I stand my b5's vertically on the bench, tips up. Put both thumbs on the lower edge of the stand plate & push. At the same time your left fingers then go around the ski & pull on the left brake lever. Same for the right fingers on the right brake lever. It's just a quick push/pull action & surprisingly little force is required.

Make sure that your fingers are extended around the levers so that when the brake suddenly 'gives' the ends your fingers hit the ski base & don't get pinched in the gaps between the edges & the levers.

The levers can then easily be raised fully up & a rubber band attached.

It's a lot easier to demo than explain.
post #12 of 27
I don't know about the newer ones but on my older Atomics I find that it doesn't work well at all to simply pull on them. I have to put a bit of pressure on the pad under the boots and kind of jimmy it. Its hard to describe but it works a lot better than pure force -- which you are right is really strong at first and then goes away immediatly which is a good recipe for dinging oneself up good. Just use a little trial and error playing with the pad while you lift up on the levers.
post #13 of 27
I ski Salomon too, and just take the brakes off, or I use a brake retainer device (bigthick rubberbad) that is sold at reliable. Atomic also used to make special metal horse shoe shaped peices for the old race bindings. You could fit this under the brakes and it would hold them up while tuning the skis. One of my team mates who skis only atomic uses them all the time. they work great. I am not sure if they will work for the new Neox or not though - nor do I know where you would find such a device.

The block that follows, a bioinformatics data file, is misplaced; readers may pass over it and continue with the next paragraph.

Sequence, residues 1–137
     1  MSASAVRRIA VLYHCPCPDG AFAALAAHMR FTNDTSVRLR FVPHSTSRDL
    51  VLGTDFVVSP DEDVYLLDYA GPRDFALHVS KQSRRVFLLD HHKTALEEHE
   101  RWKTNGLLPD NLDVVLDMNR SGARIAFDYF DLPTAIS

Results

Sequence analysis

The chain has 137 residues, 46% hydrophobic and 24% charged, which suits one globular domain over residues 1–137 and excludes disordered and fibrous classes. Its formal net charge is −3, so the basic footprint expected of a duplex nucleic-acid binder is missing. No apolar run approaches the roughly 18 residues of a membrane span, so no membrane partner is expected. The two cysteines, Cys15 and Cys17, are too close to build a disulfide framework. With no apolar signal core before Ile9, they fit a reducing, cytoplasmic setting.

Later
GREG
post #14 of 27
Quote:
Originally Posted by ssh
Ok, I've just banged the crap out of my hand again folding up the brakes to tune my skis. How do you fold them up and keep yourself from getting cracked by them? In the case of the Neox, they have a lot of resistence, and then fold up with a snap. That's when I get hurt!
I know exactly what you mean. Those Neox brakes are dangerous, especially with those 3 - 1 degree bevel edges which can be pretty sharp. I have taken to always wearing an old leather work glove when I push those brakes up. Lost too much skin and blood pushing back Neox brakes without protection.
post #15 of 27
Thread Starter 
Thanks for all the ideas. UL, that's brilliant (I'd expect no less from you!). To be clear, the issue isn't retaining the brakes once they are folded, but actually folding them in the first place. About 70% of the time, I can do what Syderjon recommends. However, about 30% of the time, my fingers get caught between the brake and the edge, or the pressure changes so dramatically that I lose my grip and the brake slips and snaps back (which can also hurt!). This last time, I used a piece of PVC pipe to press on the tredle while the skis were flat on the bench and then just put the rubber bands on them. But, I did it while wearing gloves, too...
post #16 of 27
Quote:
Originally Posted by HeluvaSkier
Atomic also used to make special metal horse shoe shaped peices for the old race bindings. You could fit this under the brakes and it would hold them up while tuning the skis. One of my team mates who skis only atomic uses them all the time. they work great. I am not sure if they will work for the new Neox or not though - nor do I know where you would find such a device.
Later
GREG
Those metal things are great. I use them all the time. They ship with the bindings so that the bindings will actually fit in the box. But yeah, I have no idea about the Neox.